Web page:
Matt has some great points here! We could all use a little "boost"
Consumers interested in purchasing or refinancing a home will pay an interest rate based on current market conditions and their ability to pay back the loan. The borrower's income and debt ratios are taken into consideration by the lender, as well as the predictability factor provided by credit scoring. It's important to have a mortgage professional in your corner that has a keen eye for solutions to improving credit scores in an effort to get the best interest rate possible.
Interest rates associated with various loan programs are broken down into schedules based on credit score ratings. While each lender has its own guidelines, it's safe to assume that as the consumer's credit score goes down, interest rates will go up.
A borrower with an outstanding credit rating will get what is called an A-paper loan. This type of borrower is rewarded with a lower interest rate because they have a proven track record of using credit sensibly and paying their bills on time.
Loans designed for consumers with less-than-perfect credit - sometimes referred to as "sub-prime" - can range anywhere from A-minus, B-paper, C-paper or D-paper loans.
If you have already taken out a mortgage loan with a higher interest rate because your credit score was a little under par, you will really appreciate the value in doing a little work to improve your credit score. Refinancing from a D-paper loan to a B-paper classification can save literally thousands of dollars in financing fees over time, even though the B-paper loan is still considered sub-prime.
A qualified mortgage consultant will guide you through the nuances of the process of improving your credit score to refinance and save money. First and foremost, he or she will want to review the terms of the existing mortgage loan to determine if you have a pre-payment penalty clause written into your contract. In general terms, that means that if you sell the home or try to refinance before the pre-payment penalty expires and you have not already paid off 20 percent of the original loan amount, you will most likely have to pay a 3 percent fee back to the lender to compensate for the high risk and high costs incurred to provide that financing.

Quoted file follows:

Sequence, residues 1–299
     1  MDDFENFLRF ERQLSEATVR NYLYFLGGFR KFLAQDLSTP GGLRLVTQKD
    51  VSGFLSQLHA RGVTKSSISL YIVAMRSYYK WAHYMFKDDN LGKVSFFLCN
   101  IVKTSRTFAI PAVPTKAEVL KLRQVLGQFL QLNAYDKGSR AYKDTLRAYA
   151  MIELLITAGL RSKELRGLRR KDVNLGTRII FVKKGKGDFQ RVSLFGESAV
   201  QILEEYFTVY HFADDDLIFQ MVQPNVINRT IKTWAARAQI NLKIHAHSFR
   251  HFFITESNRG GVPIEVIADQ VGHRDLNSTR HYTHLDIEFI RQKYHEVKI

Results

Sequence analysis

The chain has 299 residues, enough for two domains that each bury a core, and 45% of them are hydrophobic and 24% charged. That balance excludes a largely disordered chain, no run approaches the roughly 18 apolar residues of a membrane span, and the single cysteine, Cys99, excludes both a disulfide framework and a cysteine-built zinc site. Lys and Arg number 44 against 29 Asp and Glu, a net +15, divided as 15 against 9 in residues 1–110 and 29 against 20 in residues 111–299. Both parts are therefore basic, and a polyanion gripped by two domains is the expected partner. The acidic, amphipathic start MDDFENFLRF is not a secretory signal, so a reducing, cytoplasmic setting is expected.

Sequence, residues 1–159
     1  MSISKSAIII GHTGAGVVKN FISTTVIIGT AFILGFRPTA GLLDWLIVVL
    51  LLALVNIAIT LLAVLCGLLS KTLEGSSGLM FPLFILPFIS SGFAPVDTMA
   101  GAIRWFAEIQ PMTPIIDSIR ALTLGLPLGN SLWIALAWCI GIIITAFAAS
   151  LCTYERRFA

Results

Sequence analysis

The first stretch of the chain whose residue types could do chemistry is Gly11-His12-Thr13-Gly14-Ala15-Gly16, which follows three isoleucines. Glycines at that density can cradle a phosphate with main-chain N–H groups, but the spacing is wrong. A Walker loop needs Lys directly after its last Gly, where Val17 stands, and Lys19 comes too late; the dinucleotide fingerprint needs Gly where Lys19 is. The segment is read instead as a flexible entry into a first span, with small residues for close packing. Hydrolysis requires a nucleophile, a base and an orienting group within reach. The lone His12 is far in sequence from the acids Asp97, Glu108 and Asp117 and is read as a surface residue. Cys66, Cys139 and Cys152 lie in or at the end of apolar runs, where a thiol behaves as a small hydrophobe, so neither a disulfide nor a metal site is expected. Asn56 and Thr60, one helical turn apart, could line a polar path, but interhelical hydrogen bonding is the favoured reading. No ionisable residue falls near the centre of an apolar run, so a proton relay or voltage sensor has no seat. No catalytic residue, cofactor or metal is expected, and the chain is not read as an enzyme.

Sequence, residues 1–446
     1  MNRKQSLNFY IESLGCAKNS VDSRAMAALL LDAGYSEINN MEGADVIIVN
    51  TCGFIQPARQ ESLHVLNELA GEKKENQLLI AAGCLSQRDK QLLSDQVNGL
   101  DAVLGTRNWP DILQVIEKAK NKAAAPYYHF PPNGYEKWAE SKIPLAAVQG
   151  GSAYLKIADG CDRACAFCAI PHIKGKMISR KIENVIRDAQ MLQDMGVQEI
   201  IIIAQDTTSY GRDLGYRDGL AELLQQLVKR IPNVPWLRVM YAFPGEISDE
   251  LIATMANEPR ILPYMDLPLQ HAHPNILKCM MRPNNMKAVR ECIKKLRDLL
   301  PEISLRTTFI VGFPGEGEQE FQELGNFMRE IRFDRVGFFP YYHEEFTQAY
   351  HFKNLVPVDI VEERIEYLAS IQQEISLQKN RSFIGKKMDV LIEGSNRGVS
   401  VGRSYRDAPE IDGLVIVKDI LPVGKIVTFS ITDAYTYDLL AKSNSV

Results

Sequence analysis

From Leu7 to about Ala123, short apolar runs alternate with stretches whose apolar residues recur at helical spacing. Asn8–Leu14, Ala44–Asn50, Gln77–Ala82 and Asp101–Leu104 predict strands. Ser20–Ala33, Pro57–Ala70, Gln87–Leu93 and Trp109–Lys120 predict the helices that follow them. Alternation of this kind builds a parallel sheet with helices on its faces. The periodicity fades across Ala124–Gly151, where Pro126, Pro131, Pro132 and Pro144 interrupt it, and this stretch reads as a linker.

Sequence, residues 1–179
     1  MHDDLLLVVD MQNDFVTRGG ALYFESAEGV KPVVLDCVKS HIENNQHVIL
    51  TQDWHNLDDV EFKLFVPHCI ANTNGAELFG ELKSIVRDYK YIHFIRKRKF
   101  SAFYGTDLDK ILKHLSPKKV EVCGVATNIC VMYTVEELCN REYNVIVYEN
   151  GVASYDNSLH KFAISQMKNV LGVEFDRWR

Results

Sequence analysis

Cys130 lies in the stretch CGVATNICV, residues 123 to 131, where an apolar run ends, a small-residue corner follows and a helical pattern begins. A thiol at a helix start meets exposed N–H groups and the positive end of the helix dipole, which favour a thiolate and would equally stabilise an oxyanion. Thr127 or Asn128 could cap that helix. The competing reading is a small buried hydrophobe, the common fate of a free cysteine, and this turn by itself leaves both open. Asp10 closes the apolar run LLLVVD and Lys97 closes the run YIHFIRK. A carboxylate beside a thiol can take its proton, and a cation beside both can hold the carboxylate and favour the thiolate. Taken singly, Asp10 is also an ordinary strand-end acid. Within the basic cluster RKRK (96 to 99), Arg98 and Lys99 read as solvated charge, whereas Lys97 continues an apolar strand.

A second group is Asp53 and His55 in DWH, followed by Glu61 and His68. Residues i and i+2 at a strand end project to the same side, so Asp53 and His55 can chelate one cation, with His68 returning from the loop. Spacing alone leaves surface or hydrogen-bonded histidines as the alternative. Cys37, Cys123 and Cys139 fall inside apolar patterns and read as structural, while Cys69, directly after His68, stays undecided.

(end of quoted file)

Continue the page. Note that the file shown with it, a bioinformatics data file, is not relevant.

Next, you should obtain free copies of your credit reports from www.annualcreditreport.com and start working on improving the credit score six months prior to the expiration date on your existing pre-payment penalty.
There are five factors that make up the credit score and your mortgage consultant can coach you through some basic strategies to improve your credit score. This means very conservative use of credit cards, paying off debt as much as possible and not applying for additional credit cards unless you will benefit from such action. You will want to verify that negative items you have paid off are being removed from your credit report, and that good credit history is being reported to all three bureaus. You'll also want to dispute any errors that appear on your credit reports and seek to have those removed entirely.
Once your credit score improves, it's time to refinance at a better interest rate. Your mortgage professional should look for a program that carries no more than a two-year prepayment penalty so you can continue to refinance as your credit score increases. You can repeat this process until you reach A-paper status and secure the best interest rate available.
This is a strategy that also works well for first time home buyers who do not have enough credit history under their belt to get an A-paper loan at the time of purchase. The important thing is to work with a mortgage consultant who can give you a roadmap to follow and a strategy for success in building personal wealth.
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